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as Liu Renjing, spent most of the subsequent period in GMD jails followed by re-arrest after the CCP came to power in 1949.

Unfortunately the revolutionary tide that the Comintern thought it spotted did not exist, at least in the urban areas. The Comintern’s insistence on political strikes and preparation for armed insurrection served to alienate the proletariat rather than to rally it to the communist cause. The CCP leadership decided to use the rising soviet movement in the countryside as means of recapturing its influence in the cities. This policy reached its fruition under Li Lisan’s direction and was spelled out in the Politburo decision of 11 June 1930. The current stage was seen as one of revolutionary upsurge and it proposed that Wuhan be seized as a part of the take over of one or more provinces. The resolution sought to implement the Comintern’s wishes in China but the failure of the strategy caused it to become the focus of critical attention in the Soviet Union some months later.

The resolution was sent to the Comintern for approval but the Comintern delayed making a formal reply, possibly because of the link made by Li Lisan between the Chinese and world revolutions. Later the Comintern was to criticize the efforts made in the resolution to show the interdependence of the Chinese Revolution and the world revolution. The 11 June resolution claimed that because China was the weakest link in the ruling chain of world imperialism, the Chinese revolution could occur first setting off the world revolution and the final class war. While such an analysis could be justified in terms of the Comintern’s view that the stability of world capitalism would soon erode, though at an uneven pace depending on place, the Comintern may not have been happy to have Li Lisan lecturing them on the world revolution. The resolution also hinted at the need for Soviet aid, something that Li Lisan would soon openly ask for. This was ignored by the Comintern. It was not in a position to call on the Soviet Union to support the Chinese Revolution. This appeal was later denounced as an error of "semi-Trotskyism." The prediction that a successful bourgeois-democratic revolution would soon be transformed into a socialist one was also cited later as proof of Li’s Trotskyite tendencies. However, this too had been a prediction in line with Comintern analysis at the time.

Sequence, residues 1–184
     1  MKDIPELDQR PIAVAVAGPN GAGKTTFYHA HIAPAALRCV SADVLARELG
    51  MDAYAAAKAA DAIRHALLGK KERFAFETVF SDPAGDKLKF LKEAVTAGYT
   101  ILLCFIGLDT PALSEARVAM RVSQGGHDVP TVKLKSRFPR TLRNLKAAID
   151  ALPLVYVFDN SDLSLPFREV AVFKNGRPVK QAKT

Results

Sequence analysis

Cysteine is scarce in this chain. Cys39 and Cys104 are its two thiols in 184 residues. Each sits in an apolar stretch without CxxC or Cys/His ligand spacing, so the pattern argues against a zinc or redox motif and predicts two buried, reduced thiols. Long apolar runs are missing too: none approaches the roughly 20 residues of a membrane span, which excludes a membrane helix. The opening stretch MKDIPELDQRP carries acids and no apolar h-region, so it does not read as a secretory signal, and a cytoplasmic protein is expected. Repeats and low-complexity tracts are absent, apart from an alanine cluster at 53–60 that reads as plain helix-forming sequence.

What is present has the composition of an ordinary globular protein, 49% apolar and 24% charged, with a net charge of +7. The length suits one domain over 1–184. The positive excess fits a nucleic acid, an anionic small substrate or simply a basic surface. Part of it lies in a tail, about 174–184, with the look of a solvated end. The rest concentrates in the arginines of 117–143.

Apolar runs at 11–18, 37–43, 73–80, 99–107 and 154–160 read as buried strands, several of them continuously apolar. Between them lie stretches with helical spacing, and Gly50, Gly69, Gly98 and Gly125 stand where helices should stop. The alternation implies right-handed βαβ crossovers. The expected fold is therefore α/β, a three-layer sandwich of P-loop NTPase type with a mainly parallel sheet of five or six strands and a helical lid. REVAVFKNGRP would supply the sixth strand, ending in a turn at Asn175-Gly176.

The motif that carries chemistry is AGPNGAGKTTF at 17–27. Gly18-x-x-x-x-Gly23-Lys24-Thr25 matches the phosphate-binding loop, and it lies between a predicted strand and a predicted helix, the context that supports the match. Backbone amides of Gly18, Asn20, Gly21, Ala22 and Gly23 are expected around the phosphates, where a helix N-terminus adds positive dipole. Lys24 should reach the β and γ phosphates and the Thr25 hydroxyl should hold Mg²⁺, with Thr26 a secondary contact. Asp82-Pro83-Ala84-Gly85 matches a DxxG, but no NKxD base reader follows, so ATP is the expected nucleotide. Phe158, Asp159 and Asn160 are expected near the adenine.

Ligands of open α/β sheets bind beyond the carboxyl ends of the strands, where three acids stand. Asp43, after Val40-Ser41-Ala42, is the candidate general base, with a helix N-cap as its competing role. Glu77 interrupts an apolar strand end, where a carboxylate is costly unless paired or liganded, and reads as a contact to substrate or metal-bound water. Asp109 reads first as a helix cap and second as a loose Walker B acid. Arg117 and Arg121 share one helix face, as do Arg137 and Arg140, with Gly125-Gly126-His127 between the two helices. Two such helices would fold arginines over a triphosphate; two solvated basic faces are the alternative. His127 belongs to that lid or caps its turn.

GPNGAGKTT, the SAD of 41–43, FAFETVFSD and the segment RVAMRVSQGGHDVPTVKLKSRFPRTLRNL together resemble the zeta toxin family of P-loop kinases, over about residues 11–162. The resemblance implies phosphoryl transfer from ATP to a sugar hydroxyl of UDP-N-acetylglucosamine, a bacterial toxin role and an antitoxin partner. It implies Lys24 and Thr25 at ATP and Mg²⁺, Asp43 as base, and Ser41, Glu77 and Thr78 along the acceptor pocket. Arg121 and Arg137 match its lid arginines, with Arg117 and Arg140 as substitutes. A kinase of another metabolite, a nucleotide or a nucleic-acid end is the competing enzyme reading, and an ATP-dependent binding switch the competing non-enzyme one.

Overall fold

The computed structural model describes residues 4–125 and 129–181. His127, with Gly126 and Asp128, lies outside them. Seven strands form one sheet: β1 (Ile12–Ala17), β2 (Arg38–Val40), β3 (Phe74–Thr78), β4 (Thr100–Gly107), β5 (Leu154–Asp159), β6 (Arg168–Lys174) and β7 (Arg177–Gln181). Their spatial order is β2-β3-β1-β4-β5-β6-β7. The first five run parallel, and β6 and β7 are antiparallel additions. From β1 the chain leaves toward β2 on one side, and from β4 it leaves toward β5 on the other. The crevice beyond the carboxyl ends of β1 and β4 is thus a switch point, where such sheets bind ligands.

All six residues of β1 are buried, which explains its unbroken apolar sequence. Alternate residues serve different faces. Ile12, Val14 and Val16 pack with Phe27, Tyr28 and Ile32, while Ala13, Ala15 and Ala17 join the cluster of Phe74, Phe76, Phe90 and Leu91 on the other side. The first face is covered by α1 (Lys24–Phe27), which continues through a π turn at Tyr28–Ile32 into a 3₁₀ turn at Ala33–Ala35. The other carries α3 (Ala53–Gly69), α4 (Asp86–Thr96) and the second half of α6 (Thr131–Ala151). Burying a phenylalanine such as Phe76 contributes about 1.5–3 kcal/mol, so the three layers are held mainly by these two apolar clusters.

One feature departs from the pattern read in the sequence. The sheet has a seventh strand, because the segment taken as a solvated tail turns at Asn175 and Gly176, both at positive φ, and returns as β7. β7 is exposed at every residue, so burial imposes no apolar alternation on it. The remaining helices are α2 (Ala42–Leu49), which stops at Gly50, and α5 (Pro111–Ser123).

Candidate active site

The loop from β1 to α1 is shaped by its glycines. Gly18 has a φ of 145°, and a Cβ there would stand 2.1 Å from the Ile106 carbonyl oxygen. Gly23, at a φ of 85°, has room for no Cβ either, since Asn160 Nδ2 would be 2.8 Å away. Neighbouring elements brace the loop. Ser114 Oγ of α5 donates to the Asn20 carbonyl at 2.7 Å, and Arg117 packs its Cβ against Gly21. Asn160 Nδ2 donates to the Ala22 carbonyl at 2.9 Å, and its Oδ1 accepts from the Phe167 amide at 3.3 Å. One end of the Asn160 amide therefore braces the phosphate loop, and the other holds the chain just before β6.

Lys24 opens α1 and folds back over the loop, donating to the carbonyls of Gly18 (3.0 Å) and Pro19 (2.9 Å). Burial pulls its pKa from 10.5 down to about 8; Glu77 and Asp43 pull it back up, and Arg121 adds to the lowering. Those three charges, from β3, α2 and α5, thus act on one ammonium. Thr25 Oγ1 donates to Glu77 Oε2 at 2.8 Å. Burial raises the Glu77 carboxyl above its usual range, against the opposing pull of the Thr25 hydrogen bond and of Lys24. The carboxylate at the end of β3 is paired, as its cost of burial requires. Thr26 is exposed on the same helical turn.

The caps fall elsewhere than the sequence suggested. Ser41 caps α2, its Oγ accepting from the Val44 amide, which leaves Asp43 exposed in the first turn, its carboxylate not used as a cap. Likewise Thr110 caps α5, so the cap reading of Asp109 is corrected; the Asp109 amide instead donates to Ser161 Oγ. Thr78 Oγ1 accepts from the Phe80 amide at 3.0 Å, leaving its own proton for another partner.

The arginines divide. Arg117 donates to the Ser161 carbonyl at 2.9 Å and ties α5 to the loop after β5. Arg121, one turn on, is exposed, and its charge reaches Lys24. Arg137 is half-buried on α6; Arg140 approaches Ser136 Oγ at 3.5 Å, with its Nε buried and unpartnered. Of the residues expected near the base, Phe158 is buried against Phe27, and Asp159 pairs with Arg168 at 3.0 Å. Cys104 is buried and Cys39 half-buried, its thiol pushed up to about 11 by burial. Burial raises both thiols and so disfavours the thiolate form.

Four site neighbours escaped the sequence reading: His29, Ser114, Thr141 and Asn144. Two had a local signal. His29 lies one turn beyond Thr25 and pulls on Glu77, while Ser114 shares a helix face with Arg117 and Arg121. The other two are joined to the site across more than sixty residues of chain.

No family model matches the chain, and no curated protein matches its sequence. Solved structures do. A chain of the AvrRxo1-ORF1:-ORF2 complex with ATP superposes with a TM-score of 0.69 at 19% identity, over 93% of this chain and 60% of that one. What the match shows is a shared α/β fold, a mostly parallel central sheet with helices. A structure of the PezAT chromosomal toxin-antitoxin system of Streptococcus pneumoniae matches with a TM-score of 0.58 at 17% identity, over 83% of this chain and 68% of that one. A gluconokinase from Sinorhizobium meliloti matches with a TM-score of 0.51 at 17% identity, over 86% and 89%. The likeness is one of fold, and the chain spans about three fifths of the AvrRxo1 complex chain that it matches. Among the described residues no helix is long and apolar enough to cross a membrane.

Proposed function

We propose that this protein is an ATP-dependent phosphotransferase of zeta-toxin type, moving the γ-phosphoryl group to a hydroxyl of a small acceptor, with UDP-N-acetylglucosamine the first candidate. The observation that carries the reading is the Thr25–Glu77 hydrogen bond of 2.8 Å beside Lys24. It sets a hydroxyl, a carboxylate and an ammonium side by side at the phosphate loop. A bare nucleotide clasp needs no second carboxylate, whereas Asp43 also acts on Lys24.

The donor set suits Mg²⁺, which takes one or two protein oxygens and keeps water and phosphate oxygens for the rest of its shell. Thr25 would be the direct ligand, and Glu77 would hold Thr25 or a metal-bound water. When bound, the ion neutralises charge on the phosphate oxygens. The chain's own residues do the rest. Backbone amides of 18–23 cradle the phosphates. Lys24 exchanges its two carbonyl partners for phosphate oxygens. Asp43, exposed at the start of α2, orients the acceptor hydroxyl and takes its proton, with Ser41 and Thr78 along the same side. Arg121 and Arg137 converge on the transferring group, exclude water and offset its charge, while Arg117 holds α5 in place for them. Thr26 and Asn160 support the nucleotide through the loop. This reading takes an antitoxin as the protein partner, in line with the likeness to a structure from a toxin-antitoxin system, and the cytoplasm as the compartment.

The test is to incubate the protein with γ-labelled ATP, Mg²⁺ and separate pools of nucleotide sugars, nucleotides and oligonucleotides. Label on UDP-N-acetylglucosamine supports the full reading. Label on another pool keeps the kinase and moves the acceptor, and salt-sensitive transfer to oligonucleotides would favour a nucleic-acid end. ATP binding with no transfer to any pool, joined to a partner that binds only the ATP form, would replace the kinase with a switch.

On 16 July, the Party Center sent another letter to the Presidium of the ECCI calling for approval of the strategy outlined in the resolution of 11 June. Two days later, the National Conference of CCP Organizations opened in Shanghai. The Conference announced that the general task of the party was to organize armed uprisings to seize political power and that the party was one preparing to take power. Further it called for action committees to be established at the central and local levels. In the "red areas," workers’ and peasants’ revolutionary committees were to be established. These would be the sole leading organs.

Eventually the Comintern replied in a letter dated 23 July 1930 to the CCP CC. The letter has produced different interpretations. The letter contained no substantial disagreement with Li Lisan either in the general policy or even with respect to practical strategy. What was indicated between the lines, however, was worry over Li Lisan’s operations and shirking of responsibility, which fully accorded with the position of the Comintern leaders in the early thirties. The Comintern leaders were not so foolhardy as Li to claim

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